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Rioter who carried Confederate flag while chasing Black police officer inside U.S. Capitol on Jan. 6 gets years in prison


Kevin Seefried is seen carrying a Confederate flag inside the U.S. Capitol on Jan. 6, 2021 (via FBI court filing).

The Delaware man who carried a Confederate flag in the U.S. Capitol building during the Jan. 6 riot will spend the next three years behind bars.

The picture of Kevin Seefried, 53, carrying a Confederate flag over his shoulder as he made his way through the Capitol is one of the most indelible images from that day, when hordes of rioting Donald Trump supporters overwhelmed police and swarmed the building. Angry over Joe Biden’s 2020 electoral win and encouraged by Trump’s false statements about voter fraud in the election, the mob breached the Capitol shortly after Congress had started certifying the election results, forcing lawmakers to flee or shelter in place for hours.

Seefried and his son, Hunter Seefried, 24, were among the first to breach the building at around 2:13 p.m., entering through a broken window smashed by other rioters. Prosecutors say the elder Seefried was particularly antagonistic during a confrontation with U.S. Capitol Police Officer Eugene Goodman, who was credited with leading a crowd of rioters away from the Senate chamber entrance that day.

“Seefried was the first rioter to encounter USCP Officer Eugene Goodman in a doorway near the base of the Senate East Grand Staircase,” the government said in its sentencing memo.

“At that point, Seefried, who was still holding his Confederate Battle flag, was at the front of the mob, and for a time, appeared to Officer Goodman to be the only rioter in the area,” the memo also said. “When Officer Goodman commanded Seefried to leave, Seefried jabbed the base of the flagpole at him. Officer Goodman recalled that Seefried was very angry and made statements such as ‘I’m not leaving,’ ‘Where are the members at?’ and “Where are they counting the votes at?’ Seefried also told Officer Goodman, ‘You can shoot me man, but we’re coming in.'”

The Seefrieds were charged with obstruction of an official proceeding, a felony with a potential 20-year prison sentence, and four trespassing and disorderly conduct misdemeanors that carry a potential combined three years behind bars. Hunter Seefried was additionally charged with destroying government property for allegedly helping to clear some glass out of the smashed window frame.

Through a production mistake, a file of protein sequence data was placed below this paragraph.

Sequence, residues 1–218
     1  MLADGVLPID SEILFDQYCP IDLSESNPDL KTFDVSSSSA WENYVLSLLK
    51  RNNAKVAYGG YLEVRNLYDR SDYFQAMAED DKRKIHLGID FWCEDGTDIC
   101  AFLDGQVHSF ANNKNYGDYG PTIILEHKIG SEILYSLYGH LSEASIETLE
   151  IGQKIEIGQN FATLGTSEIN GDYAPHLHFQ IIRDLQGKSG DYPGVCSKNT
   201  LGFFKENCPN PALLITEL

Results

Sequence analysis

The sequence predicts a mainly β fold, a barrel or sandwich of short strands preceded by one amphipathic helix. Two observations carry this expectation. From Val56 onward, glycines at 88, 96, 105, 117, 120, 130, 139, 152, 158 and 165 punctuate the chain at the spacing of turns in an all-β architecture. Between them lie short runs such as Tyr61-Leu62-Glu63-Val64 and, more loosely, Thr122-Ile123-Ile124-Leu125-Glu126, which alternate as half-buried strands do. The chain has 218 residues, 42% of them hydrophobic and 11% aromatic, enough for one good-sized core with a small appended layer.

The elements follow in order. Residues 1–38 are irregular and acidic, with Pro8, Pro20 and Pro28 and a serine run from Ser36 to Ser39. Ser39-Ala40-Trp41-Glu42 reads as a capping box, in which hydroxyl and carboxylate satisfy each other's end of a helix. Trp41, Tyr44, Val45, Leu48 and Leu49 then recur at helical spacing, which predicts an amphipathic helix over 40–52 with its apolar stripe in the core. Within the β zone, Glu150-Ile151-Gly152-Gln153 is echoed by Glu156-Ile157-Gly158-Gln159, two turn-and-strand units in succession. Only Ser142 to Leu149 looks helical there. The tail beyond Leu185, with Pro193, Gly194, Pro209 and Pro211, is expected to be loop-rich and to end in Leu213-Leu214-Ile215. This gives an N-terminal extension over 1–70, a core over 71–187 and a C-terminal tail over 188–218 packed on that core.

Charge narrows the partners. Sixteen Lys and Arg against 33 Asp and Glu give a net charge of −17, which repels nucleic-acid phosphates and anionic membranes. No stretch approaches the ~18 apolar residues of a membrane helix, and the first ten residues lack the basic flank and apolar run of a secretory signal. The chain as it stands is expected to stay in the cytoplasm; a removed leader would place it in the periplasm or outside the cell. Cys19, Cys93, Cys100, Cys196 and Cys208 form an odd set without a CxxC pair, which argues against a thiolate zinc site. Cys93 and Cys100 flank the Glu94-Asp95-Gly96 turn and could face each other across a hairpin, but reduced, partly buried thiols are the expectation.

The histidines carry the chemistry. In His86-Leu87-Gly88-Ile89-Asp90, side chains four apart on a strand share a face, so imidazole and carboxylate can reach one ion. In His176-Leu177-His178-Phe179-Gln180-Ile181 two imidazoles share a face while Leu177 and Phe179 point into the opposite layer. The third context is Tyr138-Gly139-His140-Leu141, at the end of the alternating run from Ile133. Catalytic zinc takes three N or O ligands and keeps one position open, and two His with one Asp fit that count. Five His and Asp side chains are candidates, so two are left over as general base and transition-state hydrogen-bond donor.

Both father and son were convicted in June following a bench trial before U.S. District Judge Trevor McFadden, a Trump appointee who was the first to acquit an accused Jan. 6 rioter. McFadden acquitted Hunter Seefried of the destruction of property charges, and in October sentenced him to two years in prison and one year of supervised release.

Prosecutors had recommended a sentence of 70 months for Kevin Seefried, who asked to spend no more than 12 months and one day behind bars.

In his sentencing memo, Seefried said that he was raised to believe that the Confederate flag — which was adopted by pro-slavery forces in the Civil War — was simply a “symbol of an idealized view of southern life and southern heritage,” and that he lacked “even average intellectual capacity” to understand what it actually means.

“Mr. Seefried did not appreciate the complex and for many, painful, history behind the Confederate battle flag,” his brief said. “It was difficult for Mr. Seefried to recognize the extent to which the flag is a controversial symbol and while some view the flag as a symbol of southern heritage as he had been taught, opponents see it as a symbol of racism and slavery.”

Seefried’s sentencing memo suggested that now, however, he is a changed man.

“He unequivocally regrets the emotions that he elicited by carrying the flag on January 6th,” his brief said. “Now, fully appreciating the deeper context behind the flag, he is horrified that his image is out there on the internet in perpetuity for his grandchildren to potentially witness one day.”

At Thursday’s sentencing hearing, Seefried said that he “never wanted to send a message of hate,” NBC News reported.

In the end, McFadden chose a sentence that essentially split the difference between what the defendant and prosecutors had wanted, but was nowhere near the statutory maximum and significantly less than the longest sentence issued to a Jan. 6 rioter to date.

McFadden said it was “deeply offensive” that Seefried had used his Confederate flag as a weapon against a Black police officer, according to local CBS News affiliate WUSA.

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